# One Little Thing: knitr::fig_chunk()

### Yihui Xie / 2017-09-19

During the dark days when I still enjoyed wrestling with LaTeX, I had a little problem when I was using knitr to generate figures automatically: I didn’t want the plots to be placed in the middle of R source code (the default behavior of knitr), but in separate figure environments outside the code chunks. For example, for a code chunk below:

plot(cars)
summary(cars)

I can only insert it in a figure environment in LyX if I also want to insert a figure caption in LyX (I can use the chunk option fig.cap but I prefer seeing captions in LyX). The default output after I compile the LyX document will look like this:

\begin{figure}

\begin{verbatim}
plot(cars)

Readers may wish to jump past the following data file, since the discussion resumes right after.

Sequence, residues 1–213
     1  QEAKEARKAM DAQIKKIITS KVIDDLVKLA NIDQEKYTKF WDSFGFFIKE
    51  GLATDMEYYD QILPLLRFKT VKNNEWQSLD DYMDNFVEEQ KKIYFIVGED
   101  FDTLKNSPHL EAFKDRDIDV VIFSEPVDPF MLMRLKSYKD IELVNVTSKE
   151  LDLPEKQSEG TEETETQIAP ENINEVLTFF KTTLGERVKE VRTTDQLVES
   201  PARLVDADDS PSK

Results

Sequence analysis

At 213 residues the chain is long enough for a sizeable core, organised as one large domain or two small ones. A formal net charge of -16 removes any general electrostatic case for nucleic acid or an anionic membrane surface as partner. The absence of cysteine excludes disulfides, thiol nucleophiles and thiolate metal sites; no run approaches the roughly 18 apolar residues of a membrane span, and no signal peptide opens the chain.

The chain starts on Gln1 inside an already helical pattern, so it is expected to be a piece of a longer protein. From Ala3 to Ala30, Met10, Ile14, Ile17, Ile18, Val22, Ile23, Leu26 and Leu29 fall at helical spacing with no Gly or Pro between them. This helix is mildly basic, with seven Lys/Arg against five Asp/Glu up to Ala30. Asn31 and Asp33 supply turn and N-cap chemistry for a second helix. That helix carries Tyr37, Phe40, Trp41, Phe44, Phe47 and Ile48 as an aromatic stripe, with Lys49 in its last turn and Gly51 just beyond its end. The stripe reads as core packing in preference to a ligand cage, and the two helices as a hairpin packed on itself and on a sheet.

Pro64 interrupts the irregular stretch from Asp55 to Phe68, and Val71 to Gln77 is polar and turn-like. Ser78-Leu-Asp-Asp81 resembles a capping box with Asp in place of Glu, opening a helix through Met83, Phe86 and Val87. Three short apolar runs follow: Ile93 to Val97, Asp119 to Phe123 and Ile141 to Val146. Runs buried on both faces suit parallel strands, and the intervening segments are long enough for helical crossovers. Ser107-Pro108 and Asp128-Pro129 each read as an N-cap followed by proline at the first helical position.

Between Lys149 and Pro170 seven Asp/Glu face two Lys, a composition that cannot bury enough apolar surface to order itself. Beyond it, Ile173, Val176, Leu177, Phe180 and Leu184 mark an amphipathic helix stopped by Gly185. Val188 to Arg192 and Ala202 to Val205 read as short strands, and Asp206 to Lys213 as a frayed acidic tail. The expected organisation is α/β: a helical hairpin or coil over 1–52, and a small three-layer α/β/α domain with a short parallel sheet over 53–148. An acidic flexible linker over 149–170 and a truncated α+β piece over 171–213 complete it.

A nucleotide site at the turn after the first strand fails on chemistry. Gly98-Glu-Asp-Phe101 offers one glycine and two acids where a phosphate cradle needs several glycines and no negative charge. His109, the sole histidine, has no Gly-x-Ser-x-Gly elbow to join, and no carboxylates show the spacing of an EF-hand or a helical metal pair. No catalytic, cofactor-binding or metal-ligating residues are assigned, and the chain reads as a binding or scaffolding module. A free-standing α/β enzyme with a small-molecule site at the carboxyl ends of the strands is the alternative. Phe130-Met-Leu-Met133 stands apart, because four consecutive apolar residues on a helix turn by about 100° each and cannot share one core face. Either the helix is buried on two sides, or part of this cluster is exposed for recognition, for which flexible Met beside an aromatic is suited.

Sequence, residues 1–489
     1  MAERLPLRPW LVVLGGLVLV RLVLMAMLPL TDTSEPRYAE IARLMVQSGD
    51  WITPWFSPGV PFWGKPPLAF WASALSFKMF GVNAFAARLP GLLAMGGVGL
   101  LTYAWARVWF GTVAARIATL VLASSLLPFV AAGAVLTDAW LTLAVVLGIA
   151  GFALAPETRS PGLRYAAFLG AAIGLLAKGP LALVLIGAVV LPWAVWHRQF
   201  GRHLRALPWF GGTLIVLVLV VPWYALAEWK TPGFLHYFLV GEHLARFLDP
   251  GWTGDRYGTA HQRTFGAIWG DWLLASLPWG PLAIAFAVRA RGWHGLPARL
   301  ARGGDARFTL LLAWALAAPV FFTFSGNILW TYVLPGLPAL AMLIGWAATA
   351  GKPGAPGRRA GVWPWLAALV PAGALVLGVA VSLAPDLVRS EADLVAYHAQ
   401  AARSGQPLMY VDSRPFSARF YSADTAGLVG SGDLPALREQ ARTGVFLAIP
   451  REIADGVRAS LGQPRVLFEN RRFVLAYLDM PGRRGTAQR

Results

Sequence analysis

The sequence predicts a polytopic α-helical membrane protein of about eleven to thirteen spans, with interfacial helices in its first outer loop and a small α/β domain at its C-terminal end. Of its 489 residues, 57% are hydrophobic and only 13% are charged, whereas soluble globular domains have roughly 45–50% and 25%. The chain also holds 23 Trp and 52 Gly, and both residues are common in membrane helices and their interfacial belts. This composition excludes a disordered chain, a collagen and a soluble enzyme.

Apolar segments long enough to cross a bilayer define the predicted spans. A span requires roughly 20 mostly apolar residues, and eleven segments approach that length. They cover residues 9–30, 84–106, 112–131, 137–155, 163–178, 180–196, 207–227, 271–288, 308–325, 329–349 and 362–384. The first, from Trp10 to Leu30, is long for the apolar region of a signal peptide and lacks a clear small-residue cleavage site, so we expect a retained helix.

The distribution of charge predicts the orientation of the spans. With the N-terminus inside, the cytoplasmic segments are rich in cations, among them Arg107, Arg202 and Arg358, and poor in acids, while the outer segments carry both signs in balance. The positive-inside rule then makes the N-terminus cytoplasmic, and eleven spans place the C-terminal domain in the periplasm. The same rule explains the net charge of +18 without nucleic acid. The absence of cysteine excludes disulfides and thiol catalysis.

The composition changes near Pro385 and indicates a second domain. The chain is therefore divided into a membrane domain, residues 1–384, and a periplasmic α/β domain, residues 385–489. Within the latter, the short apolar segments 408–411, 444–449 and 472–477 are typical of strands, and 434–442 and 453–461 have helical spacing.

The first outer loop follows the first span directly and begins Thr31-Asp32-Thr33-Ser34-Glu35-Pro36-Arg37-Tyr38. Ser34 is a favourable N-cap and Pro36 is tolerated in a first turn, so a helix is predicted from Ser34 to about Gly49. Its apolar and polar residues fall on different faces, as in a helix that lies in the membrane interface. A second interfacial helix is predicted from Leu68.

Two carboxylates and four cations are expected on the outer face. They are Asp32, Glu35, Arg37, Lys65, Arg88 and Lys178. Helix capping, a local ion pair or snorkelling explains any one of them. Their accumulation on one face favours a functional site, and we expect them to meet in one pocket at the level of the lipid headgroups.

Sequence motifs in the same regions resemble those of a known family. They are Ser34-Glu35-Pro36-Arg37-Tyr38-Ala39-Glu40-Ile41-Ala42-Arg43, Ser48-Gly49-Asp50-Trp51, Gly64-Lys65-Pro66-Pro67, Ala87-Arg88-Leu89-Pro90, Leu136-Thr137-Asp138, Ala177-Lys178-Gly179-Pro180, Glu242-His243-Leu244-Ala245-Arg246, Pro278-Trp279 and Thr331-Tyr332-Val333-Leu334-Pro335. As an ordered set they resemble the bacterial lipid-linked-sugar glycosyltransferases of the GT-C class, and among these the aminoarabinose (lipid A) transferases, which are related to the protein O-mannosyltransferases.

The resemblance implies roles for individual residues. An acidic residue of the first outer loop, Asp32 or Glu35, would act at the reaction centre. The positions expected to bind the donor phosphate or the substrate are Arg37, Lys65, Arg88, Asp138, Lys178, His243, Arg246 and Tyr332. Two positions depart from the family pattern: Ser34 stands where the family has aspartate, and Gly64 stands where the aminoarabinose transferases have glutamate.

\end{verbatim}

\includegraphics{figure/cars.pdf}

\begin{verbatim}
summary(cars)
\end{verbatim}

\caption{A scatterplot.}
\end{figure}

And what I really want is this:

\begin{verbatim}
plot(cars)
summary(cars)
\end{verbatim}

\begin{figure}
\includegraphics{figure/cars.pdf}
\caption{A scatterplot.}
\end{figure}

This problem could be solved if I could specify where exactly to insert the plot. I came up with a solution (knitr::fig_chunk()), but ended up not using it, since I came up with an uglier solution that was more automatic and required me to type less. You wouldn’t believe how ugly it was, but it worked well. Perhaps I’m the only one who can understand and use this solution.

The original solution remained unused for three years until today, when I saw a StackOverflow question on blogdown. Basically the OP was asking how to place a figure inside a Hugo shortcode {{ < figure >}} instead of the usual Markdown code ![]() for images (or HTML code <img>). One possible way is to generate the plot but hide it from the chunk output, and retrieve its path later. That gives you the complete freedom to insert the plot anywhere you want in the document.